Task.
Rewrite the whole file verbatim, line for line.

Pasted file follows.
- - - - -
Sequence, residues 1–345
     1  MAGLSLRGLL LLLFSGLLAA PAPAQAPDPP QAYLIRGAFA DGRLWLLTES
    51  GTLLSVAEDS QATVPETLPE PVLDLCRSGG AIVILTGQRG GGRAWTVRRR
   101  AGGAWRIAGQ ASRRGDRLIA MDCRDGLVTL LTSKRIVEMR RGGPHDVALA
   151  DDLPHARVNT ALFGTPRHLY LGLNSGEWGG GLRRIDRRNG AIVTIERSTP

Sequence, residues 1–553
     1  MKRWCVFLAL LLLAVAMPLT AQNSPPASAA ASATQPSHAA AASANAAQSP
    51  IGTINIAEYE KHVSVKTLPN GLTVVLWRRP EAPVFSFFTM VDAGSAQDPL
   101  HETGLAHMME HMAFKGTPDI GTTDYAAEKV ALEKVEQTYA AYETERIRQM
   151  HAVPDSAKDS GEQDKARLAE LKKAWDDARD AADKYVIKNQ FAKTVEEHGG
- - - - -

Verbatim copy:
Sequence, residues 1–345
     1  MAGLSLRGLL LLLFSGLLAA PAPAQAPDPP QAYLIRGAFA DGRLWLLTES
    51  GTLLSVAEDS QATVPETLPE PVLDLCRSGG AIVILTGQRG GGRAWTVRRR
   101  AGGAWRIAGQ ASRRGDRLIA MDCRDGLVTL LTSKRIVEMR RGGPHDVALA
   151  DDLPHARVNT ALFGTPRHLY LGLNSGEWGG GLRRIDRRNG AIVTIERSTP

Sequence, residues 1–553
     1  MKRWCVFLAL LLLAVAMPLT AQNSPPASAA ASATQPSHAA AASANAAQSP
    51  IGTINIAEYE KHVSVKTLPN GLTVVLWRRP EAPVFSFFTM VDAGSAQDPL
   101  HETGLAHMME HMAFKGTPDI GTTDYAAEKV ALEKVEQTYA AYETERIRQM
   151  HAVPDSAKDS GEQDKARLAE LKKAWDDARD AADKYVIKNQ FAKTVEEHGG